The increasing success of the CNRP is believed to have motivated its court-ordered dissolution of the opposition by the government led by the CPP. Many members of what was once the country’s strongest opposition party remain in prison or in exile abroad after being accused of treason or other crimes as part of the dissolution.

Looking at the proliferation of spinoff parties, Kin Phea, director of the Royal Academy of Cambodia’s International Relations Institute, said the tactic of forming new groups is a political choice. However, he said the plethora of new parties may find the chance of actually gaining a seat is too small.

“The more parties they form, the less support they receive,” he said. “Because if we think about the electoral system in Cambodia, the more dissenting it is, the more likely it is for a larger party to win seats.”

Some opposition members are well-aware of this dynamic. Ou Chanrath, founder of the Cambodia Reform Party, expressed concern over the prospect of splitting former CNRP officials.

“We are worried about this. Since the start, we have discussed with each other to re-establish a single opposition party,” he said. “But the talk failed because some conditions were not accepted by individuals.”

Chanrath said the competition needs unity against the CPP, which he said is a big force that will be difficult to compete against.

“I think that the opposition movement may face the same fate as FUNCINPEC if we remain weak and go separately,” Chanrath said. “We will follow the FUNCINPEC model.”

Yeng Vireak, president of the Grassroots Democracy Party (GDP) said he encouraged other political parties, including the newly established ones, to work hard enough to present themselves as a better choice for voters in particular communes throughout the country. He resisted the idea that merging opposition groups was key to competing against the ruling party, suggesting that such a dynamic suggests there could only be two political parties: The ruler and the challenger.

“Though mergers might work somewhere at some points in time, real cases have shown [mergers] hardly worked or did not work at all,” he said. “However, we suggest there must be an enabling environment for all political parties to exercise their political rights to compete in free and fair elections.”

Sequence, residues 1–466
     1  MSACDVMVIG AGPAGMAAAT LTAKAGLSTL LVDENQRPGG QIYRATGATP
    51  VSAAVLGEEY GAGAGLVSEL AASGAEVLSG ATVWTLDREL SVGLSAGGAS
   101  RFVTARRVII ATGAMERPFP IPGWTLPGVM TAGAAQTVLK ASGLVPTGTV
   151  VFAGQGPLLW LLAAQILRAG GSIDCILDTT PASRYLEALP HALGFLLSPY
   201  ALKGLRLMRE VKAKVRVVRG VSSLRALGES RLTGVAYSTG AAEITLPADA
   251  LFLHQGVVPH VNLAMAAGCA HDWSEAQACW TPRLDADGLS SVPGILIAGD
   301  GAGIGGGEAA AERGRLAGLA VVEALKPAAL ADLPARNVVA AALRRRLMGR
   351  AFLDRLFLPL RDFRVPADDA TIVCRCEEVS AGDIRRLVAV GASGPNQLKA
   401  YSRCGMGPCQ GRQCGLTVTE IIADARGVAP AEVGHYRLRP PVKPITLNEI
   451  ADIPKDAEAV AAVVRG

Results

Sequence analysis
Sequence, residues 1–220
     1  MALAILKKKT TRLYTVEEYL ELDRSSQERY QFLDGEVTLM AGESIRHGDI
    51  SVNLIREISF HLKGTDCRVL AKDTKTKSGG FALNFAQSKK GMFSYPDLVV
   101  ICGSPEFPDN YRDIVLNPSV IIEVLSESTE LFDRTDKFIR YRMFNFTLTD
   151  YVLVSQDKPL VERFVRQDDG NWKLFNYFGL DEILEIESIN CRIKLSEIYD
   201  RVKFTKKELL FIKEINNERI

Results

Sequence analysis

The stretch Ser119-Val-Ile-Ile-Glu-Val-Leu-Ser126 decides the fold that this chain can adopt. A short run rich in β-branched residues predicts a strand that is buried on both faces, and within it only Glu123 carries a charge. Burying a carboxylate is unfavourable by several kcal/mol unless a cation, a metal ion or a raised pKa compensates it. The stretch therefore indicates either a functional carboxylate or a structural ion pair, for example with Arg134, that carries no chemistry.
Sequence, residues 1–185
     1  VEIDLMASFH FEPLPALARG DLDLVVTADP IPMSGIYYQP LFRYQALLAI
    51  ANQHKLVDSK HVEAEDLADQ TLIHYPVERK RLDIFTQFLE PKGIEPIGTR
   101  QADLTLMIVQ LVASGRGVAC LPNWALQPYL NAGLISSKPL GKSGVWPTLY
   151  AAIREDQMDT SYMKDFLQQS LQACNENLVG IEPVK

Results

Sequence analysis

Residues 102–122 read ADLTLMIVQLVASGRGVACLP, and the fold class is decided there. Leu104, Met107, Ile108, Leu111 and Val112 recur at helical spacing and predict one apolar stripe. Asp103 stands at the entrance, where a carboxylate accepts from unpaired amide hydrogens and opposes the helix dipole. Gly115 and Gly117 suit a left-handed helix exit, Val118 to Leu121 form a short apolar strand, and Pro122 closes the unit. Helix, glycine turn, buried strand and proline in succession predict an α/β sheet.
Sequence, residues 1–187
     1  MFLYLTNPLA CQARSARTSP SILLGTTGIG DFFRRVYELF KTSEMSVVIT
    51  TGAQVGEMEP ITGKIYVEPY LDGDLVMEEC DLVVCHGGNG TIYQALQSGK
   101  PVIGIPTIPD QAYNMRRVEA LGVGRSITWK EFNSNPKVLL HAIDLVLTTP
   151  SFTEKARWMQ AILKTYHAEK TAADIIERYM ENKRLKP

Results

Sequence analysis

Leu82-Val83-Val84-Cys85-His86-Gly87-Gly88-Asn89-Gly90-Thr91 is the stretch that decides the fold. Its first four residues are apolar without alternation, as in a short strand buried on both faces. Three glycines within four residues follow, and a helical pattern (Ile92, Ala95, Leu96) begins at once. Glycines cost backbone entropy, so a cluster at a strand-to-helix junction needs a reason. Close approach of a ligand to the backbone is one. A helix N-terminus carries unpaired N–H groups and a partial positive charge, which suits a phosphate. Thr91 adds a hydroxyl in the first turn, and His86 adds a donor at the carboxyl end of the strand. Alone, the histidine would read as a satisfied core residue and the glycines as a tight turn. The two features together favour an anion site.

CPP spokesman Sok Eysan said the ability to form a new party showed the ability to exercise political rights without any threats or harm. He rejected the claim that CPP was interfering with other parties.

“The opposition group always accused the CPP of interfering with their internal party which is not true at all,” he said. “They always prevent their members from joining new parties because they are more isolated.”

“If they do not do anything to overthrow the legitimate government, we will consider reinstating their political rights,” Eysan said of former CNRP leaders, many of whom have otherwise been restricted from participating in politics.

Pa Chamroeun, president of the Cambodian Institute for Democracy said that having multiple political parties is an important element in democratic society, but does not really mean there will be a competitive election.

“There will not be a free and fair competition if those political parties do not have enough qualifications and capacities,” he said. “For the time being, I am not so sure that the upcoming national election will be a competitive one.”